Growth dims in major economies; China trade shrinks but surplus grows, especially with the US; EU savings rate jumps; China banks seek capital; UST 10yr 2.71%; oil dips while gold firms; NZ$1 = 68.3 USc; TWI-5 = 72.2

Growth dims in major economies; China trade shrinks but surplus grows, especially with the US; EU savings rate jumps; China banks seek capital; UST 10yr 2.71%; oil dips while gold firms; NZ$1 = 68.3 USc; TWI-5 = 72.2

Here's our summary of key events overnight that affect New Zealand, with news of growth slowdowns spreading and trade levels pulling back.

The latest growth tracking by the OECD shows lower growth trajectories in most major economies. The exceptions are China, India and Japan where growth is stable. None of these majors shows a rising track.

China has reported a higher than expected merchandise trade balance in December, up to +US$57 bln in the month, a rise from +US$45 bln the previous month. Still no sign the US is winning their trade war. In fact, the December data on China's trade with the US is rather remarkable. They exported ¥2.9 bln in the month but imported only ¥723 mln from the US. That is a record surplus for China. The data for New Zealand shows exports of ¥33 mln and imports of ¥65 mln. We are certainly on the plus side of this trade. Overall however, trade volumes by China with all countries are slowing, even if imports are slowing faster than exports.

This poor China trade result is weighing on markets today. The S&P500 is down -0.4% and this follows European markets overnight. Yesterday Shanghai was down -0.7% and Hong Kong down -1.4% (both before the trade data was released). And for the record, the ASX200 was down marginally yesterday, while the NZX50 was one of the very few markets to rise, even if it was only a +0.1% gain.

The EU reported its current account surplus at €39 bln in the September quarter, or +1.0% of GDP. That is sharply down from the same quarter a year ago when it was +1.6% of GDP (€60 bln).

Also lower was EU industrial production which came in even below weak estimates. It fell -3.3% in November compared with the same month a year ago, and more than half that fall was in the month alone.

Not everything is lower in the EU. One metric that is rising is their savings rate, perhaps due to the perception of grimmer times ahead. Household are recorded as saving a remarkable +12.3% of their gross disposable incomes. That is another rise in an upward trend that started about a year ago but is actually only back to about their ten year average. Their investment rate is only +9.1%, so savings are currently excessive and a drag on their economies.

Back to China, their four enormous pillar banks are about to raise huge sums to beef up their capital. The amounts could be as much as US$22 bln just in the first half of 2019 alone, and that is just the start. Fund raising at this level is likely to disport bond markets in China somewhat, raising yields. It may have flow-on effects internationally. And don't forget, banks in Australia need to raise AU$83 bln in capital by 2023, and in New Zealand the estimated capital raising by banks is another $20 bln. Much of this will also be sourced in the convertible bonds market.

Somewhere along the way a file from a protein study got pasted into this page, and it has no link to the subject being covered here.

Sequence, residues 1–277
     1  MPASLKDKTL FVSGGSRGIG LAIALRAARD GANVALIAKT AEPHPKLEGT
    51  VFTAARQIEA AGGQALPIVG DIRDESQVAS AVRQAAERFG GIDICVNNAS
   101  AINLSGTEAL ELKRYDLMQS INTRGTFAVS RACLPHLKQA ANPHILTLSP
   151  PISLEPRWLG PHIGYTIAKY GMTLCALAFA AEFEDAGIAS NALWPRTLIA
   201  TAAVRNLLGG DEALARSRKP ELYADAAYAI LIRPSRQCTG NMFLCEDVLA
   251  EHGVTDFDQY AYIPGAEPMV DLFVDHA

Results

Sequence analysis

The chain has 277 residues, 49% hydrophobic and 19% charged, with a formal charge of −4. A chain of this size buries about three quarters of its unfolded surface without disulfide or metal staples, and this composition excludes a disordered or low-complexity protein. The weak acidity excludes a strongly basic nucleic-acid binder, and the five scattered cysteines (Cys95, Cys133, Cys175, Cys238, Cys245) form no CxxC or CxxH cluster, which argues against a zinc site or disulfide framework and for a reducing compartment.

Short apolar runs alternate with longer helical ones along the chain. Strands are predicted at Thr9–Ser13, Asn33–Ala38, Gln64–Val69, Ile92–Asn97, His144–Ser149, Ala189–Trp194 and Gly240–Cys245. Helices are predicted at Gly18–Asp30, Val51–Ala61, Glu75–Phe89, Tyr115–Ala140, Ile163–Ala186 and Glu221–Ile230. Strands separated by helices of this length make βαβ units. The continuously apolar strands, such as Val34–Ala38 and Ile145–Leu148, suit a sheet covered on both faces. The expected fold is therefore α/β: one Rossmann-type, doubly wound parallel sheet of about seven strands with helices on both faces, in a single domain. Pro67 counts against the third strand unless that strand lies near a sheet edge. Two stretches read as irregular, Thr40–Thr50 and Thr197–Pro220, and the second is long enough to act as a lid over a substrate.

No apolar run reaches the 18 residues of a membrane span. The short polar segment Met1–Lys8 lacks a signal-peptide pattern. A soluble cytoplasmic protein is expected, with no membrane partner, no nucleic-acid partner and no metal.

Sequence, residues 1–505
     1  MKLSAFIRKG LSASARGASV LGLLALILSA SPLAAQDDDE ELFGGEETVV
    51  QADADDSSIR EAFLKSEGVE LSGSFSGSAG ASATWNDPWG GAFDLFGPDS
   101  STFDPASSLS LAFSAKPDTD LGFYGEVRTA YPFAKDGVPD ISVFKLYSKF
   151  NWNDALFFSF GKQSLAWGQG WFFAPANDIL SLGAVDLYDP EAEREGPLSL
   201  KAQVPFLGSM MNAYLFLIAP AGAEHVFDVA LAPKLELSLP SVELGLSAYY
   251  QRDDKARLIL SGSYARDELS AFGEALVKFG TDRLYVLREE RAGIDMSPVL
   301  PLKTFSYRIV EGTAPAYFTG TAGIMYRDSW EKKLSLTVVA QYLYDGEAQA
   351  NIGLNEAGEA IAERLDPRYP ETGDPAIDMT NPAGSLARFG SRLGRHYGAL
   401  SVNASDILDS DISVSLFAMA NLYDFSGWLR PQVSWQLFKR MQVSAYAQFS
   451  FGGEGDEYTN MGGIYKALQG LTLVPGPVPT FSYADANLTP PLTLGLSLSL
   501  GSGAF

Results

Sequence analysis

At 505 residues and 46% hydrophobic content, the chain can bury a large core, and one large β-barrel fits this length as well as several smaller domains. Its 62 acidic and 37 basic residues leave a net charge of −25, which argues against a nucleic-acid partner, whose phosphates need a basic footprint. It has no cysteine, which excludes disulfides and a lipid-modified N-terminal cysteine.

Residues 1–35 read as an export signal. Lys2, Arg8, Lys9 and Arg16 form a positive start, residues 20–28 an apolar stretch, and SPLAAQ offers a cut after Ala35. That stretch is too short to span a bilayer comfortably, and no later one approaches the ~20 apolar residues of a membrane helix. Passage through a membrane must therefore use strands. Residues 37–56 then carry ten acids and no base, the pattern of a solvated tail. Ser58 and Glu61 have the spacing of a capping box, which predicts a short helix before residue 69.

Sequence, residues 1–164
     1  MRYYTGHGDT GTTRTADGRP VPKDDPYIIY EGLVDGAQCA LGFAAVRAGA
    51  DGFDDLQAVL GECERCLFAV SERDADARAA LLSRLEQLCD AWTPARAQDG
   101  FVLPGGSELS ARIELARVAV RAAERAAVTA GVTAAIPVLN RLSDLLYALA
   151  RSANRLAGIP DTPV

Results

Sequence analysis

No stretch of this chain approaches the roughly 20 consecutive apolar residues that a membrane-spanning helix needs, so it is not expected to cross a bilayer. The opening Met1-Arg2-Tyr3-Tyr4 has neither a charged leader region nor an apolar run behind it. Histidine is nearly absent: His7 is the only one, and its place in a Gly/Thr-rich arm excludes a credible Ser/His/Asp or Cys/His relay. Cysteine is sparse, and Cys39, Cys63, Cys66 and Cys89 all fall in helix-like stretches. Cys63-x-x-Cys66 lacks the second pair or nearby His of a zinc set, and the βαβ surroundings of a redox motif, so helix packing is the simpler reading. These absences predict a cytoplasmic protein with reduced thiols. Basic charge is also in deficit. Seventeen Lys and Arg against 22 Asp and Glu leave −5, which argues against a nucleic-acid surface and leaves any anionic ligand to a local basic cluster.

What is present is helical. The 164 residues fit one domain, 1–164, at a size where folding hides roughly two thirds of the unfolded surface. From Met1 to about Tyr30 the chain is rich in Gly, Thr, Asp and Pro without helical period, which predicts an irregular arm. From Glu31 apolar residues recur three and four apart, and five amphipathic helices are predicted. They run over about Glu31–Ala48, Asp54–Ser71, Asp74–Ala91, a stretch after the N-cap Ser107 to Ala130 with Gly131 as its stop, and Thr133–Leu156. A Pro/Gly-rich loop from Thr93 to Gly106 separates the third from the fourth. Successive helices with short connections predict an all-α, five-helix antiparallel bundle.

The UST 10yr yield is holding at 2.71%. And their 2-10 curve is little-changed at +17 bps. The Australian Govt. 10yr yield is at 2.28%, down -2 bps. The China Govt. 10yr yield is unchanged at 3.14%, while the New Zealand Govt. 10yr yield is down -4 bps at 2.32%. Local swap rates have slipped lower with the one, two and three year durations all at lowest-ever levels.

Gold is back up +US$3 to US$1,290.

US oil prices have slipped slightly and are now just on US$51/bbl while the Brent benchmark is just under US$60/bbl.

The Kiwi dollar starts today unchanged at 68.3 USc. On the cross rates we are firmer, up to 94.9 AUc, and are holding at 59.5 euro cents. That puts the TWI-5 little-changed at 72.2.

Bitcoin took blip higher overnight and is now at US$3,656, this time a +1.8% rise. This rate is charted in the exchange rate set below.

The easiest place to stay up with event risk today is by following our Economic Calendar here ».

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6 Comments

The explosion of globalization and trade alongside the advent of the eurodollar system isn’t dumb luck.

This eurodollar requires banks to be in the middle offering them. But if those banks just happen to notice how Japanese firms suddenly aren’t much interested in Swedish goods, or any goods, that can be a problem for more than Sweden and Japan.
https://www.alhambrapartners.com/2019/01/14/spreading-sour-not-soar/

How a Dead Pig Is Further Soiling China-Taiwan Relations
https://www.taiwannewsgazette.com/how-a-dead-pig-is-further-soiling-chin...

What are the odds of China, with more than half the worlds pigs, having a pig wash out to sea that has African Swine flu and that pig washing up onto Taiwan, unless Swine flu in China is out of control?
https://modernfarmer.com/2014/03/tail-curling-facts-chinese-pork/

Andrewj,

Interesting article. The big question is surely not if,but when and how the debt bubble will burst. Can the balloon be deflated slowly and carefully,or will simply burst?I would bet on the latter.

Growth dimming, is that supposed to be bad news? It is actually what this planet most desperately needs, let's hope the trend continues.